Mid-mantle deformation inferred from seismic anisotropy

Article metrics


With time, convective processes in the Earth's mantle will tend to align crystals, grains and inclusions. This mantle fabric is detectable seismologically, as it produces an anisotropy in material properties—in particular, a directional dependence in seismic-wave velocity. This alignment is enhanced at the boundaries of the mantle where there are rapid changes in the direction and magnitude of mantle flow1, and therefore most observations of anisotropy are confined to the uppermost mantle or lithosphere2,3 and the lowermost-mantle analogue of the lithosphere, the D″ region4. Here we present evidence from shear-wave splitting measurements for mid-mantle anisotropy in the vicinity of the 660-km discontinuity, the boundary between the upper and lower mantle. Deep-focus earthquakes in the Tonga–Kermadec and New Hebrides subduction zones recorded at Australian seismograph stations record some of the largest values of shear-wave splitting hitherto reported. The results suggest that, at least locally, there may exist a mid-mantle boundary layer, which could indicate the impediment of flow between the upper and lower mantle in this region.

Access options

Rent or Buy article

Get time limited or full article access on ReadCube.


All prices are NET prices.

Figure 1: Event–station combinations used to study mid-mantle anisotropy.
Figure 2: Shear-wave splitting versus epicentral distance.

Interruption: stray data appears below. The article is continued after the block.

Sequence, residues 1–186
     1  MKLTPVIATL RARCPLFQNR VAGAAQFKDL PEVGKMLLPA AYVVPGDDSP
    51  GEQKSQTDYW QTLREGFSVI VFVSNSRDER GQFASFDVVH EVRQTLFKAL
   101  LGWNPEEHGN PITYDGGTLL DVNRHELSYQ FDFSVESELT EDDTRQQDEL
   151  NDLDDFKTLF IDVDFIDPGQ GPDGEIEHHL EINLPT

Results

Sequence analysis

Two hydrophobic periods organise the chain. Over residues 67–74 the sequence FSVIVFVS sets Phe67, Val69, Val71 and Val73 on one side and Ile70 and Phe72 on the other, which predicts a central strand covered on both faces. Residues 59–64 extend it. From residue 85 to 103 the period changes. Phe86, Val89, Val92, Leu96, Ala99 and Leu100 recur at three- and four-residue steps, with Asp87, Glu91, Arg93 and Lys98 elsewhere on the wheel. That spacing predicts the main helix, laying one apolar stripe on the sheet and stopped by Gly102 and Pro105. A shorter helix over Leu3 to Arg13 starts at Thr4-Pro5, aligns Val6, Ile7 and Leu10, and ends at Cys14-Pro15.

Figure 3: Three models for anisotropy below the 660-km discontinuity.


  1. 1

    Montagner, J.-P. Where can seismic anisotropy be detected in the Earth's mantle? In boundary layers .... Pure Appl. Geophys. 151, 223–256 (1998).

  2. 2

    Silver, P. G. Seismic anisotropy beneath the continents: Probing the depths of geology. Annu. Rev. Earth Planet Sci. 24, 385–432 (1996).

  3. 3

    Savage, M. K. Seismic anisotropy and mantle deformation: What have we learned from shear wave splitting? Rev. Geophys. 37, 65–106 (1999).

  4. 4

    Kendall, J.-M. & Silver, P. G. in The Core-Mantle Boundary Region (eds Gurnis, M., Wysession, M., Knittle, E. & Buffett, B.) 97–118 (Geodynamics series 28, American Geophysical Union, Washington DC, 1998).

  5. 5

    Karato, S. & Wu, P. Rheology of the upper mantle: A synthesis. Science 260, 771–778 (1993).

  6. 6

    Vinnik, L. P. & Montagner, J.-P. Shear wave splitting in the mantle Ps phase. Geophys. Res. Lett. 23, 2449–2452 (1996).

  7. 7

    Vinnik, L. P., Chevrot, S. & Montagner, J.-P. Seismic evidence of flow at the base of the upper mantle. Geophys. Res. Lett. 25, 1995–1998 (1998).

  8. 8

    Tong, C., Gudmundsson, O. & Kennett, B. L. N. Shear wave splitting in refracted waves returned from the upper mantle transition zone beneath northern Australia. J. Geophys. Res. 99, 15783–15797 (1994).

  9. 9

    Fouch, M. J. & Fischer, K. M. Mantle anisotropy beneath northwest Pacific subduction zone. J. Geophys. Res. 101, 15987–16002 (1996).

  10. 10

    Fischer, K. & Wiens, D. The depth distribution of mantle anisotropy beneath the Tonga subduction zone. Earth Planet. Sci. Lett. 142, 253–260 (1996).

  11. 11

    Montagner, J.-P. & Kennett, B. L. N. How to reconcile body-wave and normal-mode reference Earth models. Geophys. J. Int. 125, 229–248 (1996).

  12. 12

    Barruol, G. & Hoffmann, R. Upper mantle anisotropy beneath Geoscope stations. J. Geophys. Res. 104, 10757–10773 (1999).

  13. 13

    Clitheroe, G. & Van der Hilst, R. in Structure and Evolution of the Australian Continent (ed. Braun, J. et al.) 73–78 (Geodynamics series 26, American Geophysical Union, Washington DC, 1998).

  14. 14

    Özalaybey, S. & Chen, W. Frequency dependent analysis of SKS/SKKS waveforms observed in Australia: evidence for null birefringence. Phys. Earth Planet. Inter. 114, 197–210 (1999).

  15. 15

    Silver, P. G. & Chan, W. W. Implications for continental structure and evolution from seismic anisotropy. Nature 335, 34–39 (1988).